[0053] The fence panels of the present invention provides a number of advantages over alternative fencing options, and in particular steel, PVC and FRC fences. A key distinction is that the individual panels interlock with each other. This assists with ease of installation and helps with rigidity. By using interlocking panels there is no need for an installer to fix each panel together providing a significant time saving. Further, due to the installation method as a result of the interlocking members the fence is largely self levelling.

[0054] The present invention also does not require the careful and painstaking requirement to accurately measure and install a post every 1800 mm, or to add bottom rails between each post before panels can be installed. Similarly, there is no need to dig a trench the length of the fence again saving significant time. However, it will be appreciated that if the fence is to be used in a high wind load environment or used as a retaining wall partly burying the fence in soil or concrete is an available option.

[0055] A further alternative in areas of very high wind intensity is to include an intermediate post as shown in Fig 1 1 . The design of the intermediate post is such that once installed the presence of the intermediate post is not immediately obvious. In most applications, the intermediate post will not be required. RHS posts as noted above can provide any extra strengthening that may be required. Nevertheless, for areas above normal wind intensity the intermediate post is an option.

[0056] With conventional fences whether the fence is buried in the ground or raised above is determined by the style of fence selected. The present invention now provides the fence owner with a choice. The easiest option is to have the fence flush or at least substantially flush to the ground. However, if preferred the fence could be installed in ground or raised above the ground by using a top rail section as a bottom rail.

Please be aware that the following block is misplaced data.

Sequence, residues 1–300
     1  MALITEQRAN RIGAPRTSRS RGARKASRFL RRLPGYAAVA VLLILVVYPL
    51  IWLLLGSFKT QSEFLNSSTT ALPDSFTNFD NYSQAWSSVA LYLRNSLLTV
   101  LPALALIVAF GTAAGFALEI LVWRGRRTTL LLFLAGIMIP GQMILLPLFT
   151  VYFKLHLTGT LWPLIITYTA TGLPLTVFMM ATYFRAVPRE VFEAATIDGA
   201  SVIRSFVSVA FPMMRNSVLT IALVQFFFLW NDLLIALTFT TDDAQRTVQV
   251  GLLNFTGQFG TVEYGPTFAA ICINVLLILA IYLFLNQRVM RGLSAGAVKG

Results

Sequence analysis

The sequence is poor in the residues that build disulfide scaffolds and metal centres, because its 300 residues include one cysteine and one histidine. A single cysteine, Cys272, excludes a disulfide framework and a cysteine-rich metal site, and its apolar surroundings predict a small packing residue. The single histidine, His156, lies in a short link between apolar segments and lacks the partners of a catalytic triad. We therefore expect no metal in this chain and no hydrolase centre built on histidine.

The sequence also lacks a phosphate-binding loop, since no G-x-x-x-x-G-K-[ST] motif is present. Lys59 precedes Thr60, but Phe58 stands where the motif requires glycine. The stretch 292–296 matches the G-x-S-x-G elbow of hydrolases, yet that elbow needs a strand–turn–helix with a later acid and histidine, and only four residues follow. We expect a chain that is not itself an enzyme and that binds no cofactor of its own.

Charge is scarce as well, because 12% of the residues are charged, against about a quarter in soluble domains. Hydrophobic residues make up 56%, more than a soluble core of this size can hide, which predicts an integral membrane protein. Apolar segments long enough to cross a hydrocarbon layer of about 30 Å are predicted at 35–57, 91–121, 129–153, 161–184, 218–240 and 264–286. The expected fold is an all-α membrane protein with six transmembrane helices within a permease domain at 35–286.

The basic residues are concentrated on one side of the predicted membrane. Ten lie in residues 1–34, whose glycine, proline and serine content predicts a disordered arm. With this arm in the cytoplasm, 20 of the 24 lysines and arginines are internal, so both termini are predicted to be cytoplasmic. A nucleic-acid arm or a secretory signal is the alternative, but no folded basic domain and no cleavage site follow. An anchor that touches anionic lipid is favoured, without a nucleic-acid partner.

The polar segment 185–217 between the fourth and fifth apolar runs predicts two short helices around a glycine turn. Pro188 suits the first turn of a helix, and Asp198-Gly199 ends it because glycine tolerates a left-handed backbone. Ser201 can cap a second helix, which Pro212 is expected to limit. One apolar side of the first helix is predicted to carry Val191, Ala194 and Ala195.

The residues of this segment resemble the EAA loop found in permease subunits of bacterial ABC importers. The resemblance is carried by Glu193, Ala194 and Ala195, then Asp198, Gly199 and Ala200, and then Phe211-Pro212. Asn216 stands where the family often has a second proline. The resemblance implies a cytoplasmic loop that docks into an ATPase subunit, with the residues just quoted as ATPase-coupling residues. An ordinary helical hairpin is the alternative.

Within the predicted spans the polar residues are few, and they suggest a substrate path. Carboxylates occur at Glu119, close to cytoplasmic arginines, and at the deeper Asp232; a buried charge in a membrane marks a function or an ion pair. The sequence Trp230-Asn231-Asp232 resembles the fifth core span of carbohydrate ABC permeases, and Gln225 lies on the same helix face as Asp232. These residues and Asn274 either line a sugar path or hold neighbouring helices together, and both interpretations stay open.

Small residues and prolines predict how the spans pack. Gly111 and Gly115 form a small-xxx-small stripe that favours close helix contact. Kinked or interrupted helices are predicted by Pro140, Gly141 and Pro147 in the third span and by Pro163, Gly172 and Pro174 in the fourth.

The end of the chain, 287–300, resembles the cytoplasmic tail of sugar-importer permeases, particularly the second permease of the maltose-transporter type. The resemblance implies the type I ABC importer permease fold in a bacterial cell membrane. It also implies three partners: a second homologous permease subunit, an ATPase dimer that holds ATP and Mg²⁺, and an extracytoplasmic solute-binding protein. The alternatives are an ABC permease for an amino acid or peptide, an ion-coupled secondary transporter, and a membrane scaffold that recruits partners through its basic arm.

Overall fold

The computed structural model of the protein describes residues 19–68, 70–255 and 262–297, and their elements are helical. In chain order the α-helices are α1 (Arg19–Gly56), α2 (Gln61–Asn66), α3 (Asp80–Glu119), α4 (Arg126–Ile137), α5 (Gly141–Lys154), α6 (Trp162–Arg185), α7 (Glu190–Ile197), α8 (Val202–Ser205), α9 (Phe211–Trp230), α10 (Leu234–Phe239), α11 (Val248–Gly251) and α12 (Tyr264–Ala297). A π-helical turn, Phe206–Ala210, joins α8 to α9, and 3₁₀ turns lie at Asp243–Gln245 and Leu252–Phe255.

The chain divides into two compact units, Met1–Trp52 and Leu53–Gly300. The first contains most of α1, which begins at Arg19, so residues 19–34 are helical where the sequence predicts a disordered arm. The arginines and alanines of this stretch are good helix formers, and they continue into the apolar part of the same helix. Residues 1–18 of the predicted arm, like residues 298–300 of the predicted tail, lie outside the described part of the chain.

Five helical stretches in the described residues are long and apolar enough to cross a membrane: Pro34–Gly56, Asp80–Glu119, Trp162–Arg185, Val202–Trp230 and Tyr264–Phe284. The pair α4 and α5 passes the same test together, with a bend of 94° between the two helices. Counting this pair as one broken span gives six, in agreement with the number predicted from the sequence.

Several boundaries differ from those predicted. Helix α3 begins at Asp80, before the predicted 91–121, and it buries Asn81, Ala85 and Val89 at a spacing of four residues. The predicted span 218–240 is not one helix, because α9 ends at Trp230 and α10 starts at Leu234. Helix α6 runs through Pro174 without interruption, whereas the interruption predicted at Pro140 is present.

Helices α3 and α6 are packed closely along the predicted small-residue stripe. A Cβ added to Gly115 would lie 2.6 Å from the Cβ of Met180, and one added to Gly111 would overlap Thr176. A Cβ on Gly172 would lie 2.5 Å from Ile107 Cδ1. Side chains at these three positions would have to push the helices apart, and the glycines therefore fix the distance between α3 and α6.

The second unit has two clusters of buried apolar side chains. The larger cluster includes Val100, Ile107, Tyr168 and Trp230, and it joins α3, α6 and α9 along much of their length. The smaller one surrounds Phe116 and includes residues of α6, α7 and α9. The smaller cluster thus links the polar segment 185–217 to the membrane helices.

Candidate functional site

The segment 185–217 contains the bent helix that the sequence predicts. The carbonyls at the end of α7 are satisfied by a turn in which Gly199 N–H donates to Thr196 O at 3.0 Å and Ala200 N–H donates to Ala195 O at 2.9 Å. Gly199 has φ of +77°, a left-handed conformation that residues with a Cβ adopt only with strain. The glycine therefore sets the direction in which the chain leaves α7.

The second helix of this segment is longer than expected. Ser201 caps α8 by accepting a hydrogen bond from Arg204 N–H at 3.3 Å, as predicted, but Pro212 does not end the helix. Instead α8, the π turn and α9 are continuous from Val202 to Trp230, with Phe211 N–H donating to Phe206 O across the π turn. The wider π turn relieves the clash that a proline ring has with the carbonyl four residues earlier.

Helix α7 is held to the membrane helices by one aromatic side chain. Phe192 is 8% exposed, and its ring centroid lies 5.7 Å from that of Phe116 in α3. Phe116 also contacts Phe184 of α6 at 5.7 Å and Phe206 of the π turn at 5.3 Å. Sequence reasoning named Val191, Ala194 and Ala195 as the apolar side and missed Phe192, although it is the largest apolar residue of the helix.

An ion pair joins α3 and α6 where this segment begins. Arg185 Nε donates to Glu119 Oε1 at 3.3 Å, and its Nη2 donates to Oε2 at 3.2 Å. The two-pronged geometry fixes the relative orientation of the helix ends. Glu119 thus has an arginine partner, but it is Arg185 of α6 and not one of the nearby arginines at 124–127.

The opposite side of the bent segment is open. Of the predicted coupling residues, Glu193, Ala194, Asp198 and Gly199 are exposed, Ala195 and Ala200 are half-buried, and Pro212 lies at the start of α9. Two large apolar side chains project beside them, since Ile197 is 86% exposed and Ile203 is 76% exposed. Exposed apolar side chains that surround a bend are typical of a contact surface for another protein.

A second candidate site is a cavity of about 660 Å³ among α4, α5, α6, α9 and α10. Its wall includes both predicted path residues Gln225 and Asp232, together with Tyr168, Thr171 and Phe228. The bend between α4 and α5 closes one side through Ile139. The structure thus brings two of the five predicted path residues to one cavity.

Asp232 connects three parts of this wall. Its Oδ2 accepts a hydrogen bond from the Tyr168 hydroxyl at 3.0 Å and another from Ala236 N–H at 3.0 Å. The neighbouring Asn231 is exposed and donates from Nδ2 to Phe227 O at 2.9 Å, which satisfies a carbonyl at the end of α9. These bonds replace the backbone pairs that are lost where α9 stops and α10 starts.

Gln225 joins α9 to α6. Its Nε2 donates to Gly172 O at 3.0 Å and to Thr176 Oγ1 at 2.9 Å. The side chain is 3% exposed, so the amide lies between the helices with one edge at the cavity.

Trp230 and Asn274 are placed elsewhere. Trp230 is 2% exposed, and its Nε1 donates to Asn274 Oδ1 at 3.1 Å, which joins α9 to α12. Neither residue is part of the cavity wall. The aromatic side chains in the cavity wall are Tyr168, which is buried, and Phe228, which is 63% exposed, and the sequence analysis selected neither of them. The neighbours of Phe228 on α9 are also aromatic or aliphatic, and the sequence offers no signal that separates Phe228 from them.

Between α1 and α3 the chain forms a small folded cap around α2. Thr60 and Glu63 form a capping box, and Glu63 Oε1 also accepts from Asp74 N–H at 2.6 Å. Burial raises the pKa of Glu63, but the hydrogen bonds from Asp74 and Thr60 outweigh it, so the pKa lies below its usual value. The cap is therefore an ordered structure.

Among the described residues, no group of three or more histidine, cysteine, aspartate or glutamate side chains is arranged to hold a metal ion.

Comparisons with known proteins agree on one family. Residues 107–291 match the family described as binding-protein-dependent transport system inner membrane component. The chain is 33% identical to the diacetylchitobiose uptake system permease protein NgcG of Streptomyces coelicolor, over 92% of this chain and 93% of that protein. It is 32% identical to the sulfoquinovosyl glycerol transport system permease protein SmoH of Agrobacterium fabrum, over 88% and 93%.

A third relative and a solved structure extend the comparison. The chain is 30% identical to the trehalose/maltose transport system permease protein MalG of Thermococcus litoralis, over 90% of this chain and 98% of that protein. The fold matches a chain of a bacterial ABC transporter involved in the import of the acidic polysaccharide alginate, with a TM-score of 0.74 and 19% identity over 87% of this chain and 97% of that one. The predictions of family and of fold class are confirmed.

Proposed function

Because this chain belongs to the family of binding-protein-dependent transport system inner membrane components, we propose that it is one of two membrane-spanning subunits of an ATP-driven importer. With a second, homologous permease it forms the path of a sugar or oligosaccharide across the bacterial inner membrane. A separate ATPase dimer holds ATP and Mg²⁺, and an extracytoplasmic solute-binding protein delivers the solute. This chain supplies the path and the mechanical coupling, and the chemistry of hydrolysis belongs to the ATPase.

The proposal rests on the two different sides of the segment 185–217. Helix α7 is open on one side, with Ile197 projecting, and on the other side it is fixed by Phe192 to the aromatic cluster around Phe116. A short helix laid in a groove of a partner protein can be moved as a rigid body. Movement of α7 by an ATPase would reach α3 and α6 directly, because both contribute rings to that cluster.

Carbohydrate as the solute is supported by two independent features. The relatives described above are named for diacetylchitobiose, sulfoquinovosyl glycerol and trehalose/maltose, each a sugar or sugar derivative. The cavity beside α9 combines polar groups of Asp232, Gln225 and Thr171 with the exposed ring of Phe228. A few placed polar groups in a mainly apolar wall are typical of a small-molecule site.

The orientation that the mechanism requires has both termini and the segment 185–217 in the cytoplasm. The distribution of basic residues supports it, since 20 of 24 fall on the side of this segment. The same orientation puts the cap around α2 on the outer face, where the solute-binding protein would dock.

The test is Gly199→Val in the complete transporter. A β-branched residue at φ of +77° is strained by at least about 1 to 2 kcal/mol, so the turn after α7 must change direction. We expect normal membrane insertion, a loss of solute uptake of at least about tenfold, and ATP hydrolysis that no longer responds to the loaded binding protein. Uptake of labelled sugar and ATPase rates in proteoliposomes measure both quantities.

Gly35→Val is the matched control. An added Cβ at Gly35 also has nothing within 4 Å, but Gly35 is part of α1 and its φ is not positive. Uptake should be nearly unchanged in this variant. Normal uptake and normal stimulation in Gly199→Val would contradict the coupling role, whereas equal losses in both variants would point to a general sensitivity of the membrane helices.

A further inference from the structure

[0057] With the panels and post being constructed from plastic they are not susceptible to rust. However, additionally there is no need for the panels or posts to be repainted at regular intervals resulting in less maintenance over the life of the fence.

[0058] The present invention has an advantage where the fence is likely to be under stress. The ability to add pickets to strengthen the fence make it particularly attractive for areas of strong wind, or if some soil is to be retained. This ability to strengthen the fence can be done simply either prospectively or retrospectively as the need arises. The castellations are readily available to receive the pickets or RHS sections allowing the fence to be strengthened without altering the appearance of the fence.

[0059] In addition the interlocking panels are particularly advantageous for negating or limiting the need for many fixings, allowing easy adjustment over contours of the land, relatively easy to transport to site, and can be erected by a single person. [0060] The present invention relates primarily to a fencing system, however, it could also be adapted for other uses. For example, panels could be used to form the supporting walls of a garden shed.

[0061] Reference throughout this specification to “one embodiment” or“an embodiment” means that a particular feature, structure, or characteristic described in connection with the embodiment is included in at least one embodiment of the present invention. Thus, the appearance of the phrases“in one embodiment” or “in an embodiment” in various places throughout this specification are not necessarily all referring to the same embodiment.

[0062] Furthermore, the particular features, structures, or characteristics may be combined in any suitable manner in one or more combinations. It will be appreciated that persons skilled in the art could implement the present invention in different ways to the one described above, and variations may be produced without departing from its spirit and scope.

[0063] Any discussion of documents, devices, acts or knowledge in this specification is included to explain the context of the invention. It should not be taken as an admission that any of the material forms part of the prior art base or the common general knowledge in the relevant art, in any country, on or before the filing date of the patent application to which the present specification pertains.